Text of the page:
Speaker 6: 00:11:20 Um, you know, I, I didn't know then now how much I know that you learn at a contest. I've used this quote before, but they've gotta be there. These super smart people, um, you know, that can figure out how to fly cross country, but they're crazy enough that they're willing to fly cross country. It's a really good combination of people that are crazy enough to jump off the side of a hill and, and smart enough to get a paraglider safely to the ground. Two, three, four, five, six, seven hours later. And give me some names. Who was around back then? Uh, let's see. Uber. Sorry. Was there on the brand new Adele? Super Space. Okay. And a full like downhill ski suit cause we didn't have pods then. Yeah. Um, let's see. From the u s John Bouchard was good. Santo was good. Um, Bob Schick from Salt Lake City was good.
Speaker 6: 00:12:28 Robbie widow was there. Um, and Olivier, the designer from [inaudible] from Nivea was there. No Way. He was like an 18 or 19 year old kid. Awesome. I got to hang out with him. But to see people doing it proper was so awesome and so fun and they were good and they weren't scared and competitive enough that, you know, they want to push each other. You know, I think, I think in the U s we're really lucky that, uh, it used to be super competitive when I first learned to fly there was, there was to, it was fascinating. Those two camps. There was the, the Adele camp of Greg Smith and Robbie widdle and Dave bridges and [inaudible] and myself. Um, and then there was the John Gates pre-design camp of Josh Cone, Zach Hoisington. Uh, and, and it was pretty funny at that point. It, it wasn't, it wasn't friendly.
Speaker 6: 00:13:39 If you saw one of the other guys on the side of the road, really, you would drive right on by giving the bird [inaudible] um, you know, really? Yeah. That interesting. I think a paragliding is just this incredibly, you know, that everybody's really concerned about everyone and everybody's helping each other out and not even a little bit then so different. Um, you know, and so we've seen that in more up, but the competitions were always fun. You know, there's no, there's no other group of people I know that want to get together and go hard for a week, you know, charge. There's, there's no waiting, you know, everybody knows the truck goes up the hill at nine, the window opens at noon, the starts at one. There's no dicking around. And so for me that the competitions were really, really fun. Um, it was a good place to go.
Speaker 6: 00:14:42 It was nice to learn. Yeah, a great place to learn. I, because I had Robbie as a mentor, I, I learned to fly pretty well. And in those beginning contests, I, I did well, but originally before gps we had a camera. I love this and I, I took more bad pictures than anybody. I, I could have won several contests if, if I hadn't taken pictures of my thumb or my knee, pulled out the camera and watched all the batteries, just rain the ground, hold out the camera, took the picture, let go of the camera, and then watched the, not that I had tied, come untied in the camera, just fall away. It was, it was so soul crushing. But,
Speaker 4: 00:15:31 and where, where, where, where have you flown comps? You know, we used to have contests and tell you ride an aspen and chalet on, uh, the good old days. Oh Man. Always say anybody's out there. Please run contests in Colorado, please. It was so, it is such spectacular. Flying 96. I graduated college and that winter I went to World Cup. I went to the World Cup in Brazil was magnificent, was fun. It was a party. The flying was good, the food was good, the music was good, the girls were good, everything was good. And then we went to Venezuela and it was really, really bad. The fine was bad, the food was bad, the hotel was bad, and the memories, everything there was really bad. And then from there I went to Europe and worked for, and with Robbie who was the chief designer at Firebird at that time.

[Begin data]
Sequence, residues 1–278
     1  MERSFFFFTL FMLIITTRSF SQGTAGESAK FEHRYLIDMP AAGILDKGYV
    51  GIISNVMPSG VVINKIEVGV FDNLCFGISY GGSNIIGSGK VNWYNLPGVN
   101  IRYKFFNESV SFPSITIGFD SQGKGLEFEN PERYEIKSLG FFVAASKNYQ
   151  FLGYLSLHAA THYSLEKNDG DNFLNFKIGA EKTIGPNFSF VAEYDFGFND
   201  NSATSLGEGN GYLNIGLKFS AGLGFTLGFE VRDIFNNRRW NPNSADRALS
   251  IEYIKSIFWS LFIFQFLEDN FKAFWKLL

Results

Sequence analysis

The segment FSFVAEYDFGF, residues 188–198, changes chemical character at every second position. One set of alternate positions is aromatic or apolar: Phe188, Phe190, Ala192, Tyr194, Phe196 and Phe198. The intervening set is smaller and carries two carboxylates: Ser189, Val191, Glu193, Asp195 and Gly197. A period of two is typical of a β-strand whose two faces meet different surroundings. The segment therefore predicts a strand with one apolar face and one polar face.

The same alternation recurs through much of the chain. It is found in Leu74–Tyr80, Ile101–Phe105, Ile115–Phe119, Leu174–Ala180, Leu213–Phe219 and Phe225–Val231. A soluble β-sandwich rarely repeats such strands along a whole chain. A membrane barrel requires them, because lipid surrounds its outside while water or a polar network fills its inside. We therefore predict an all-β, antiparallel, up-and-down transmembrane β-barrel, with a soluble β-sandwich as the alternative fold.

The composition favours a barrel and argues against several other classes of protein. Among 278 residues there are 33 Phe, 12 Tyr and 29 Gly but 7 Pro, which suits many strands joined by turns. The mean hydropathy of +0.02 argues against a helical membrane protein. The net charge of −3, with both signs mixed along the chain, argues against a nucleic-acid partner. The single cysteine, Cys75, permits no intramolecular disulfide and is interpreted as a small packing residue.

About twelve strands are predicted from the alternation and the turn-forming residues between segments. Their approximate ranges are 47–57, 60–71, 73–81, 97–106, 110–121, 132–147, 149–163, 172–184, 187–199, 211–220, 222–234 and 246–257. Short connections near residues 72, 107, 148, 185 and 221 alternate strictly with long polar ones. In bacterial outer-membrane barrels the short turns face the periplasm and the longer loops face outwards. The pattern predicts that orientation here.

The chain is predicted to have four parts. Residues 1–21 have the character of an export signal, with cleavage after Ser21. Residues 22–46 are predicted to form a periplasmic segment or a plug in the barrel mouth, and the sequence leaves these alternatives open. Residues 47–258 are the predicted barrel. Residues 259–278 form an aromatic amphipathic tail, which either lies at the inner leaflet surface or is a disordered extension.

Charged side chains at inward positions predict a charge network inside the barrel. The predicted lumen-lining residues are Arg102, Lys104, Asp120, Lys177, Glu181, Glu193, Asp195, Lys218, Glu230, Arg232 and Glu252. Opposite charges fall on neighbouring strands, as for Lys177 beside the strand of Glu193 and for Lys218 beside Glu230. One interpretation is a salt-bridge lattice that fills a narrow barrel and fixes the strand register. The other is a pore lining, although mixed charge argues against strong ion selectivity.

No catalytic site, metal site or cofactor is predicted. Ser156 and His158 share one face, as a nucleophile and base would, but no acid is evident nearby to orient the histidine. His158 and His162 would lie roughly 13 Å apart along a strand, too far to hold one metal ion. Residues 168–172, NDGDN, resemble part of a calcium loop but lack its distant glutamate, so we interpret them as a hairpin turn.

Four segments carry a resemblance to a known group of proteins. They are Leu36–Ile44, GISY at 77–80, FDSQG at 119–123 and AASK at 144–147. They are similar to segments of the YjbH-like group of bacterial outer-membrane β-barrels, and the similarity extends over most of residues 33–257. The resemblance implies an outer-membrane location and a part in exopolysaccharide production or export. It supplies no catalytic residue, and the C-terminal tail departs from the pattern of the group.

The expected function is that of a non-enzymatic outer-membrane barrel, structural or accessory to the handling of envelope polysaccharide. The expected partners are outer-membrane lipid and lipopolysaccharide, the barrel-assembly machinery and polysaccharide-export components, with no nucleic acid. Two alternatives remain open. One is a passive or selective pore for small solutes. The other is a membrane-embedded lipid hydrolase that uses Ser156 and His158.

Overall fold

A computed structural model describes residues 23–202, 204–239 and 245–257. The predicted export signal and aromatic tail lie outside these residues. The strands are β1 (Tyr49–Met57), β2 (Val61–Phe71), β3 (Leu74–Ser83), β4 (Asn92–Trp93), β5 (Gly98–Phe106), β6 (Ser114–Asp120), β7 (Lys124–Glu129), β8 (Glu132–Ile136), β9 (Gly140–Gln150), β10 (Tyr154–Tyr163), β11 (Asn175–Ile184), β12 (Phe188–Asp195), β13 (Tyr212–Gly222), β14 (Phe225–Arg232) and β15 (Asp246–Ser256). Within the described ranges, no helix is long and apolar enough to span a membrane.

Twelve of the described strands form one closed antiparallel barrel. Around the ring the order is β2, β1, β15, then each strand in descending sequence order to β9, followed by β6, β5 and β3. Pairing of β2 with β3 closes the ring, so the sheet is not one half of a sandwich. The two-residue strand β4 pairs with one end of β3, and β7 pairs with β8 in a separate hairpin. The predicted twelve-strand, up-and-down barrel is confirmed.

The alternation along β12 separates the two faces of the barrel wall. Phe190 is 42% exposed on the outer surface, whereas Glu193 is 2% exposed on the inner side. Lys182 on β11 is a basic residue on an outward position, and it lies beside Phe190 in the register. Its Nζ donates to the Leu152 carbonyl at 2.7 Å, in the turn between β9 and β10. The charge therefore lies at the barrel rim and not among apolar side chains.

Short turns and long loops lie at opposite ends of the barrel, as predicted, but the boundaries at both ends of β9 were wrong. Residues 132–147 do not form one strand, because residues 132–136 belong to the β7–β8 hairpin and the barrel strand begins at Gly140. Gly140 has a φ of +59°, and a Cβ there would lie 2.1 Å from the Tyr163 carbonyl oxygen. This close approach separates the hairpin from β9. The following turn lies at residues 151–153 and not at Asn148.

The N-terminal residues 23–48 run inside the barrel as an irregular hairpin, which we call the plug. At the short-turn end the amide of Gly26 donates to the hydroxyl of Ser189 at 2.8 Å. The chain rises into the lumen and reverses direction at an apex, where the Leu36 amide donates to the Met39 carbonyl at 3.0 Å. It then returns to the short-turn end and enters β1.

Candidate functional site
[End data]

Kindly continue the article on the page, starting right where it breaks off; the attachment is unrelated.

Speaker 4: 00:16:32 Um, and so I got to learn about trimming gliders with him. Um, you know, he would test the gliders and then when all the testing was done, I was the inexperienced guy to see what would happen when they released the gliders to the masses. So that was a massive, yeah, that was really fun. I got to learn a lot. I got a learn a lot, fly all over Europe. Um, I got to hang out with Robbie. I got to be at Firebird. And that was really neat. And this was kind of in Robbie's was what year was that kind of his, is that when he was winning everything? That was 97, so that was after his heyday. Okay. Um, you know, I think in 98 was when he introduced the cereal class. He was still good. And if you know at that point anything he wanted to when he could, but he had way more important things than winning on his mind at that point.
Speaker 4: 00:17:29 Right. Okay. And then I liked the hood river valley in the summer, so I came back here and so here then, is that Honda author's that that time? Yeah, so 97 98 Oh, Thar was here. I mean a lot of people don't realize that. I think the Wood Valley is probably had more national champions than anywhere else. Both our was national champion when he lived here. Dave bridges was two times national champion when he lived here. Farmer was national champion when he lived here, but I don't know of any other flying site. Maybe with Josh, all of Josh's wins, but he doesn't have a home site. Yeah.